Since I've been back here in Boston I have begun to meet some of the brothers of the Franciscans of the Primitive Observance. The student friars among them attend St. John's Seminary, which shares a campus and a library with the Boston College School of Theology & Ministry which I am supposed to be attending. On my first visit to the school back in the spring I ran into one of them on the train and we had a delightful conversation about Franciscan and Capuchin topics. I call them our 'grandchildren;' the Primitive Observance is a reform that emerged out of the Franciscan Friars of the Renewal (the CFR), who themselves came to exist when some friars broke away from my province of the Capuchins just over twenty years ago.
Meeting these brothers makes me reflect on some of the basic dynamics of the Franciscan charism. Apart from their somewhat more rugged appearance and untrimmed beads ("manly, austere...and despised" as the Capuchin Constitutions of 1536 puts it), I realize that these friars are not so different from me, even though their religious lives are two reforms removed from mine. The Franciscan Rule almost seems to make such reforms and divisions inevitable; it seems sometimes to contain within itself the seeds of Franciscan fractiousness. It is not a moderate rule, as is said of that of St. Benedict, nor endlessly applicable, as is sometimes said of that of St. Augustine. Our Rule is stark and demanding, on the one hand leaving little room to interpret things away, but on the other hand imbued with a power to catch hearts and minds on fire with a desire to live it. No money. It may not even be touched. No property, neither individually or corporately. Two or three extended fasts a year. It's a radical imitation of the poverty of God himself in Christ, and it attracts radical hearts.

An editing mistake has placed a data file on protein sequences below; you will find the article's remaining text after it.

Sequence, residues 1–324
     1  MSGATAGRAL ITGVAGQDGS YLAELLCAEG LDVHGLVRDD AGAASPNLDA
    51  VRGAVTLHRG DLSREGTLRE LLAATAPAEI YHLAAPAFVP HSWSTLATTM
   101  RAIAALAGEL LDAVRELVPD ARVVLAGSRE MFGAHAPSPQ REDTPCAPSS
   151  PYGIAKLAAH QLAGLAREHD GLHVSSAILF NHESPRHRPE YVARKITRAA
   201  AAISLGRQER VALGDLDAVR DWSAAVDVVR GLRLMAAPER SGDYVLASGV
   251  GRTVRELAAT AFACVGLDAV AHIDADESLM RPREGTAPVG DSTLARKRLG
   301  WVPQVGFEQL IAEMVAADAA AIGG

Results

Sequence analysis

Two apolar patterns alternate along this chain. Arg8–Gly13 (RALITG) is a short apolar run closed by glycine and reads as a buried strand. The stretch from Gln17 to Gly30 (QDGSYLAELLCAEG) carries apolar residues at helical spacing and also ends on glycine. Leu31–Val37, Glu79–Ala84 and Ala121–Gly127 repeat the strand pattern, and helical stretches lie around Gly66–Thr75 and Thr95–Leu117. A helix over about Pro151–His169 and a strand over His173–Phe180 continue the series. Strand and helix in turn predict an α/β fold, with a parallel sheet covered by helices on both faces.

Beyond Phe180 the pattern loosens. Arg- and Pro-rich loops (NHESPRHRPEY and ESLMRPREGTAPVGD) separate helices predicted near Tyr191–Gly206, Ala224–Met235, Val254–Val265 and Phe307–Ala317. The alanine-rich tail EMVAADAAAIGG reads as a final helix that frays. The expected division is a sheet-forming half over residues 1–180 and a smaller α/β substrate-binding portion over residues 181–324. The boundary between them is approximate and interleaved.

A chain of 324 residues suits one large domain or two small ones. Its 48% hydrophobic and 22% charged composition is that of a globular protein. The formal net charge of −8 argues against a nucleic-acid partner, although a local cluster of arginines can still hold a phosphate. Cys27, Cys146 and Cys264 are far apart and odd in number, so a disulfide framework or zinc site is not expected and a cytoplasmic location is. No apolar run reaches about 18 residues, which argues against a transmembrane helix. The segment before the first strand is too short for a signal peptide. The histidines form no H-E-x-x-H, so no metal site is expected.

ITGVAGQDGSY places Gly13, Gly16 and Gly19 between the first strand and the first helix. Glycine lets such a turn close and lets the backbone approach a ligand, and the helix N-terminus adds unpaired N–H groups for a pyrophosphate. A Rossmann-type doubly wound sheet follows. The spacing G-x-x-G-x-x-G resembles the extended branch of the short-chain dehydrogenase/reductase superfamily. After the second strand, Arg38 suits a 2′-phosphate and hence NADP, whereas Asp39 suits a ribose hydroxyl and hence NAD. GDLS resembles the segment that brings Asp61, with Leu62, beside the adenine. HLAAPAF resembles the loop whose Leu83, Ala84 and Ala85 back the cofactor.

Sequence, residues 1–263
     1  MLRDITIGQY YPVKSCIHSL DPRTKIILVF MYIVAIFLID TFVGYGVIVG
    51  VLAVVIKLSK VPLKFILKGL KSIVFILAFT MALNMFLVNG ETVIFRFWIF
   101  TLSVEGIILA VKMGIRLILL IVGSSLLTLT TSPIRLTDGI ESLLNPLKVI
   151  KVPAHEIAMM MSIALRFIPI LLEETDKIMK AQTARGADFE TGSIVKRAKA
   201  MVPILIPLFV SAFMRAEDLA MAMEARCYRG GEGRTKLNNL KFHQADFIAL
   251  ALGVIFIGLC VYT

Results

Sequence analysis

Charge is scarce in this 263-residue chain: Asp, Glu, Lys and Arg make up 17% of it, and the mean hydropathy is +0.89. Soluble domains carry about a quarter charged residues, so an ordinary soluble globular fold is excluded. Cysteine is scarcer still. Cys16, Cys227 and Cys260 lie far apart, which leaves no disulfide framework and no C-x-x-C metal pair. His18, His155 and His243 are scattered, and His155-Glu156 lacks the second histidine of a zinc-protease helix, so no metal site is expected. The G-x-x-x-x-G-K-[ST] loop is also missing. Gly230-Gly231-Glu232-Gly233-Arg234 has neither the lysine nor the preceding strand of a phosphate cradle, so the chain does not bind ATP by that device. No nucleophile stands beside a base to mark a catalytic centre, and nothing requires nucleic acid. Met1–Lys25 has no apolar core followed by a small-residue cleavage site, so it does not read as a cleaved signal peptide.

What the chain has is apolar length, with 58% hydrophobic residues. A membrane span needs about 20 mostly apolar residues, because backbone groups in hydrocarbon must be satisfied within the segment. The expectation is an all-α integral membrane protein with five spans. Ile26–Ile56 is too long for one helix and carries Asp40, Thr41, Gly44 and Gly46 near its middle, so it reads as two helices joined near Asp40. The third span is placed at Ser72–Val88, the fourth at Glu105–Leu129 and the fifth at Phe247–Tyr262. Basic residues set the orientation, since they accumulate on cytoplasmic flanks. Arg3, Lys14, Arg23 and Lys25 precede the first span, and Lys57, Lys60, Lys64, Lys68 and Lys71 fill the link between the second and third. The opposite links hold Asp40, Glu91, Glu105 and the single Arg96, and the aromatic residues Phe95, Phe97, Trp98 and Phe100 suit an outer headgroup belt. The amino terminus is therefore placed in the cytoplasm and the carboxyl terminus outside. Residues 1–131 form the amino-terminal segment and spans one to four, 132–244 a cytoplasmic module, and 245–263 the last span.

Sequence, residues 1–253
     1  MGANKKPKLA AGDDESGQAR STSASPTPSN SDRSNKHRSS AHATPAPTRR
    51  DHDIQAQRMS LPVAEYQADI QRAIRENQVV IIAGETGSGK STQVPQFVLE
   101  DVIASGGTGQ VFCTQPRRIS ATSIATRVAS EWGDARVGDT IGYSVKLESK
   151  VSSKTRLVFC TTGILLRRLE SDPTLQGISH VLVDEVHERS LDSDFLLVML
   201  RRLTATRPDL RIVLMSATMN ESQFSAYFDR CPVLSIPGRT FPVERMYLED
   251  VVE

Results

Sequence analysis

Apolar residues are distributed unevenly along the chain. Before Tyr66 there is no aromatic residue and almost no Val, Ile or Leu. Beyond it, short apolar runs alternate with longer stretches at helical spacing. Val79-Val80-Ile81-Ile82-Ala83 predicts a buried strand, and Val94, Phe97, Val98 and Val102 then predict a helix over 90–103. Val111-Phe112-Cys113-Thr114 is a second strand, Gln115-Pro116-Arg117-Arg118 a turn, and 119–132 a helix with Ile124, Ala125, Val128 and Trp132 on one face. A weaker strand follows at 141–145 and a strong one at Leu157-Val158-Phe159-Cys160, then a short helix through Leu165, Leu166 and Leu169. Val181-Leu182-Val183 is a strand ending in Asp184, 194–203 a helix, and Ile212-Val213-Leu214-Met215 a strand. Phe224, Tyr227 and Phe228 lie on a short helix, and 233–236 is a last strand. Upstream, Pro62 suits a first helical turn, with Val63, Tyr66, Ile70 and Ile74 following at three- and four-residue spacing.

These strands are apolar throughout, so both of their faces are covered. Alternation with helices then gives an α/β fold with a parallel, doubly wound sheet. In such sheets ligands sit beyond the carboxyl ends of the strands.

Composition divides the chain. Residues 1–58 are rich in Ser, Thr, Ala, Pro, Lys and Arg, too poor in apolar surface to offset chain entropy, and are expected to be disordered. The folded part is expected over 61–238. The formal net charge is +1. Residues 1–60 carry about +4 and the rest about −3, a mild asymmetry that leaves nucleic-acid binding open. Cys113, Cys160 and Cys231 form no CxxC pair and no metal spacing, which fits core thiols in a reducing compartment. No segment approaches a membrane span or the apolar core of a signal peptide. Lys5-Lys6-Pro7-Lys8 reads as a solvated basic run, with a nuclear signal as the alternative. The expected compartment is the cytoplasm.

But as we have known from even the first years of the Franciscan movement, it is a hard Rule to put into practice 'without gloss' as Francis himself asked of us in his Testament, with anything but a very small group of brothers or sisters. And so comes the fractiousness of the Franciscan movement. There have always been brothers and sisters who break away from larger and more routinized communities out of a desire to follow the Rule more purely and strictly, attracted by the radical life the Rule describes and a desire to fulfill what seems like the command of Francis himself that we live it "without gloss." Some of these breaks turn into the great reform movements of the Order, like the Observants and the Capuchins. Most, like Mia Wallace's pilot for Fox Force Five, "become nothing."
Though this seems to be one of the creative drives of the Franciscan movement through history, it doesn't make such reforms and schisms any easier or any less personal for those who go through them. Communities and friendships get wounded. Generations go missing from provincial families. Nevertheless, though it is painful and wounding, in some sense to be Franciscan has to include an affirmation of the thrust toward creative reform that has served to renew the movement through its history.